Multi-Layered Functions

Usage Scenario

  • A system is divided into separate layers, each providing logic in terms of scripted functions.

  • A lower layer provides default implementations of certain functions.

  • Higher layers each provide progressively more specific implementations of the same functions.

  • A more specific function, if defined in a higher layer, always overrides the implementation in a lower layer.

  • This is akin to object-oriented programming but with functions.

  • This type of system is extremely convenient for dynamic business rules configuration, setting corporate-wide policies, granting permissions for specific roles etc. where specific, local rules need to override corporate-wide defaults.

Practical Scenario

Assuming a LOB (line-of-business) system for a large MNC (multi-national corporation) with branches, facilities and offices across the global.

The system needs to provide basic, corporate-wide policies to be enforced through the worldwide organization, but also cater for country- or region-specific rules, practices and regulations.

LayerDescription
corporatecorporate-wide policies
regionalregional policy overrides
countrycountry-specific modifications for legal compliance
officespecial treatments for individual office locations

Key Concepts

  • Each layer is a separate script.

  • The lowest layer script is compiled into a base AST.

  • Higher layer scripts are also compiled into AST and combined into the base using AST::combine (or the += operator), overriding any existing functions.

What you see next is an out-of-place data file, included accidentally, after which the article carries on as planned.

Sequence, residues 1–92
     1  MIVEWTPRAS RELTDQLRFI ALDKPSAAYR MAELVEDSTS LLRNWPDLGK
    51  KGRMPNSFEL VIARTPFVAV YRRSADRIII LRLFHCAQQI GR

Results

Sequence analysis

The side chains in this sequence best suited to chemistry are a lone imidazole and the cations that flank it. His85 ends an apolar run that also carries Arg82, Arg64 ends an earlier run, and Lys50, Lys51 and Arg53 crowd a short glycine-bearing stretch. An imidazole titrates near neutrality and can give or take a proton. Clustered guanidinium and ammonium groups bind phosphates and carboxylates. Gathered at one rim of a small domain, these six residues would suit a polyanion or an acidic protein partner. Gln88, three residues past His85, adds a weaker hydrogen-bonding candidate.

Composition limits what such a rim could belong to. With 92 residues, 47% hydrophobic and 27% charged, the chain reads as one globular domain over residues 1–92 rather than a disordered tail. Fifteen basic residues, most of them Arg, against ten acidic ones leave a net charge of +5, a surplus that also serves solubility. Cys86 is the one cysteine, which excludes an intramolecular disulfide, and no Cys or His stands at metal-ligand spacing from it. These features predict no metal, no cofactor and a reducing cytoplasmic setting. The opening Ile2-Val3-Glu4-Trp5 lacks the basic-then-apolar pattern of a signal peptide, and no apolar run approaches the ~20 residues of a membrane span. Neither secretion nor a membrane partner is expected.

Examples

Assume the following four scripts, one for each layer:


#![allow(unused)]
fn main() {
┌────────────────┐
│ corporate.rhai │
└────────────────┘

// Default implementation of 'foo'.
fn foo(x) { x + 1 }

// Default implementation of 'bar'.
fn bar(x, y) { x + y }

// Default implementation of 'no_touch'.
fn no_touch() { throw "do not touch me!"; }


┌───────────────┐
│ regional.rhai │
└───────────────┘

// Specific implementation of 'foo'.
fn foo(x) { x * 2 }

// New implementation for this layer.
fn baz() { print("hello!"); }


┌──────────────┐
│ country.rhai │
└──────────────┘

// Specific implementation of 'bar'.
fn bar(x, y) { x - y }

// Specific implementation of 'baz'.
fn baz() { print("hey!"); }


┌─────────────┐
│ office.rhai │
└─────────────┘

// Specific implementation of 'foo'.
fn foo(x) { x + 42 }
}

Load and combine them sequentially:


#![allow(unused)]
fn main() {
let engine = Engine::new();

// Compile the baseline layer.
let mut ast = engine.compile_file("corporate.rhai".into())?;

// Combine the first layer.
let lowest = engine.compile_file("regional.rhai".into())?;
ast += lowest;

// Combine the second layer.
let middle = engine.compile_file("country.rhai".into())?;
ast += lowest;

// Combine the third layer.
let highest = engine.compile_file("office.rhai".into())?;
ast += lowest;

// Now, 'ast' contains the following functions:
//
// fn no_touch() {                // from 'corporate.rhai'
//     throw "do not touch me!";
// }
// fn foo(x) { x + 42 }           // from 'regional.rhai'
// fn bar(x, y) { x - y }         // from 'country.rhai'
// fn baz() { print("hey!"); }    // from 'office.rhai'
}

Unfortunately, there is no super call that calls the base implementation (i.e. no way for a higher-layer function to call an equivalent lower-layer function).